‘The Black Line Drawn Across History’: John Mulvany and Irish Political Imagery
6.30pm Wednesday, 7 March 2012
Lecture Room G6, School of Art Design and Printing
Dublin Institute of Technology, 41 Mountjoy Square, Dublin 1
Niamh O’Sullivan is Professor Emeritus of Visual Culture (National College of Art and Design). She writes on nineteenth century Irish, Irish-American and French art and popular culture. She won the Irish-American Cultural Institute ‘Award for Pioneering Irish-American Scholarship’, in 1998 and 2003. Her book, Aloysius O’Kelly: Art, Nation, Empire was published by Field Day in 2010 . She curated the millennium exhibition Re:Orientations. Aloysius O’Kelly: Painting, Politics and Popular Culture at the Hugh Lane Municipal Gallery of Modern Art, 1999-2000. She also has research interests in art and museum education. She is currently a Director of the Irish Museums Trust, and on the advisory committee of the Royal Irish Academy Irish Art and Architecture, vol. 5.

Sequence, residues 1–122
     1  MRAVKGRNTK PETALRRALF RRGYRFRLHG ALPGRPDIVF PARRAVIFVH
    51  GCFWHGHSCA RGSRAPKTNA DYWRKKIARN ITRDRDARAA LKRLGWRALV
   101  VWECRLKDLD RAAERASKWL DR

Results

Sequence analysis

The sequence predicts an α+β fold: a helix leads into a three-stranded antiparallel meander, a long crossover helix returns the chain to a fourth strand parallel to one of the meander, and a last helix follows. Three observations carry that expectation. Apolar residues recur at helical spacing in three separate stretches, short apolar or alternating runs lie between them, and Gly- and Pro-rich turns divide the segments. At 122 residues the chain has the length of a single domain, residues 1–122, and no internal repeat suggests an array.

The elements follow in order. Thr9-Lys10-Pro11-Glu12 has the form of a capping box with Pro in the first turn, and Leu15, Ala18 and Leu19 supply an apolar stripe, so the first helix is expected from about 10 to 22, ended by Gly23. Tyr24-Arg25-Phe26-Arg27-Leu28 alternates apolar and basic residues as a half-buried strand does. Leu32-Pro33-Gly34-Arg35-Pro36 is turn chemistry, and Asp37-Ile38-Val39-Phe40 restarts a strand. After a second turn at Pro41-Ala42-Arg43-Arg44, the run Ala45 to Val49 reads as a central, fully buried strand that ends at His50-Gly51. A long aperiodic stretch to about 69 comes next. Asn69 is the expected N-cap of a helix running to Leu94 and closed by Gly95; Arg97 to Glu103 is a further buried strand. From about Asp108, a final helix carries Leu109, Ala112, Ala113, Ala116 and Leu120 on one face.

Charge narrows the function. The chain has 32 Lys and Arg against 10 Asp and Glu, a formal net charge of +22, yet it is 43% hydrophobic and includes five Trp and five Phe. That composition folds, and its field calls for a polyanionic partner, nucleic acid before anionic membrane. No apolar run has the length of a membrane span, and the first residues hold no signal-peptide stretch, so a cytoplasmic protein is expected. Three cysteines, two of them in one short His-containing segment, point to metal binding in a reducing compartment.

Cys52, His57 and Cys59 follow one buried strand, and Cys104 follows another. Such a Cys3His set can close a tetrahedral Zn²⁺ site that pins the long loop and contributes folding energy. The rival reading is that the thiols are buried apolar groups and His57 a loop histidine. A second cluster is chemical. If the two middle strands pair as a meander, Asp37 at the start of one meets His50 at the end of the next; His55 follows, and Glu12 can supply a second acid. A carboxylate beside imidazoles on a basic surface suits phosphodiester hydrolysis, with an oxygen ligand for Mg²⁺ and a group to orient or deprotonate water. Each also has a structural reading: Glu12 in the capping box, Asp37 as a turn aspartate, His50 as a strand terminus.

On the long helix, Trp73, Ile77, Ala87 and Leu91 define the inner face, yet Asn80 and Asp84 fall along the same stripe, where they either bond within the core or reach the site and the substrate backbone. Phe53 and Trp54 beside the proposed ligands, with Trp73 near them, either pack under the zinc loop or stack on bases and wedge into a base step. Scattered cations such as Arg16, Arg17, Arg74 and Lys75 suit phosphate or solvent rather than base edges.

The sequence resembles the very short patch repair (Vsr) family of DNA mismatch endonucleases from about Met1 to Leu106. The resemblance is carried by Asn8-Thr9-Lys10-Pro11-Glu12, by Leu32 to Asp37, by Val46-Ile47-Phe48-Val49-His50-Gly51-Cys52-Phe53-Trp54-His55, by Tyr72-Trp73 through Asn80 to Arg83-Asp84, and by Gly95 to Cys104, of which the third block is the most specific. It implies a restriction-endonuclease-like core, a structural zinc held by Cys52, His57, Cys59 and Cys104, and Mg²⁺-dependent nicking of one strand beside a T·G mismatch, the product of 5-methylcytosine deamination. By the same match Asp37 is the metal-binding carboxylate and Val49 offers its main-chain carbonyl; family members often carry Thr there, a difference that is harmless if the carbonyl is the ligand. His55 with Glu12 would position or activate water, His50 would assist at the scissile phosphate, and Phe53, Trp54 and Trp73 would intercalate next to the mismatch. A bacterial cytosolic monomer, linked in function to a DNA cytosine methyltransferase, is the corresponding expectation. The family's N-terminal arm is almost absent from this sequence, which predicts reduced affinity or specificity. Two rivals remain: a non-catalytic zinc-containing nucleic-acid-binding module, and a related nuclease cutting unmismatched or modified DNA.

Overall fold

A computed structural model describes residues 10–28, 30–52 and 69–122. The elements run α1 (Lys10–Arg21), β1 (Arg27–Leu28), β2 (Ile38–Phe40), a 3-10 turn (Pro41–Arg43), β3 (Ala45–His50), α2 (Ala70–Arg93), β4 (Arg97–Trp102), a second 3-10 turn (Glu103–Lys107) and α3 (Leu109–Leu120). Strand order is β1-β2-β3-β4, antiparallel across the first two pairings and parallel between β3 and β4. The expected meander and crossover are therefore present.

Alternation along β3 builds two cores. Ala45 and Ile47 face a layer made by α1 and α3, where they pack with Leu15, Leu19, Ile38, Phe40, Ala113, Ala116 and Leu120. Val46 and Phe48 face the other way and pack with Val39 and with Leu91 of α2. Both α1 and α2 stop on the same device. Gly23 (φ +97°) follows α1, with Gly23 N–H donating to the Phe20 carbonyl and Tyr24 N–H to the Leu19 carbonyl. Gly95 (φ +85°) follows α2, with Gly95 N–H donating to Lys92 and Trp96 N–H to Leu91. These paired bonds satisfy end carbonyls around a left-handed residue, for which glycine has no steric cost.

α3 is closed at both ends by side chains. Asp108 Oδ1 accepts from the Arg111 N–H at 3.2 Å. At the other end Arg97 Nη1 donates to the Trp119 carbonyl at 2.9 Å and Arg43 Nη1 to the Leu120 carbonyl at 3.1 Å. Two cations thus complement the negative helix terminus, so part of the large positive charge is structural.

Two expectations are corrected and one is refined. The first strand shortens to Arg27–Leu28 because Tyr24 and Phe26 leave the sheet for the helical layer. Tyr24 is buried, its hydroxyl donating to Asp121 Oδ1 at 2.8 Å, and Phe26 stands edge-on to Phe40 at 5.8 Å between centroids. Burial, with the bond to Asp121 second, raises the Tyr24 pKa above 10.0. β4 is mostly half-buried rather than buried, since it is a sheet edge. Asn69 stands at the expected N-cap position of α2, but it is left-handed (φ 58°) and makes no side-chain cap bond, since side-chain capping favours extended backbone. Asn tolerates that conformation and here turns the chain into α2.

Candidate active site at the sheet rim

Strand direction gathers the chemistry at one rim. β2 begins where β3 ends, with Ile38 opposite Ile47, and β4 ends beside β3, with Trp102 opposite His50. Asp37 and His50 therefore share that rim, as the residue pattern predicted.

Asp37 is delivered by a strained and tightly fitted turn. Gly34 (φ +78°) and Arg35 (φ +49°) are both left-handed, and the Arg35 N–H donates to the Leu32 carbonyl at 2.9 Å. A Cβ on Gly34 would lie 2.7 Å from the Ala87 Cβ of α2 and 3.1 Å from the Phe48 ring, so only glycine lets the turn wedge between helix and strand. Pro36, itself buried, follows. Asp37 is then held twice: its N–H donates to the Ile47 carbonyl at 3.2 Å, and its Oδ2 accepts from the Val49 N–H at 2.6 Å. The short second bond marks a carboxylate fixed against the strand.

John Mulvany’s nineteenth-century Irish paintings place visual art at the centre an emergent cultural and political nationalism, traditionally perceived as the preserve of poets and playwrights, journalists and politicians. His historical paintings were no incidental exercise in nostalgia, but purposeful, positioning images, designed to press powerful memories into contemporary political use. If out of violence and trauma comes renewed resolve, Mulvany’s Battle of Aughrim may be seen as an exemplification of Ireland’s glorious past. His Irish political portraits were conceived to summon the injustices of history to mind, and act as rallying calls in the present. Mulvany thus saw himself as creating images of hope, and incitement to action. His commitment to the cause was unwavering, and brought him into the line of fire of one of the most celebrated murders of the nineteenth century.
This is a free event and all are welcome. To secure your place, please book by email: email@example.com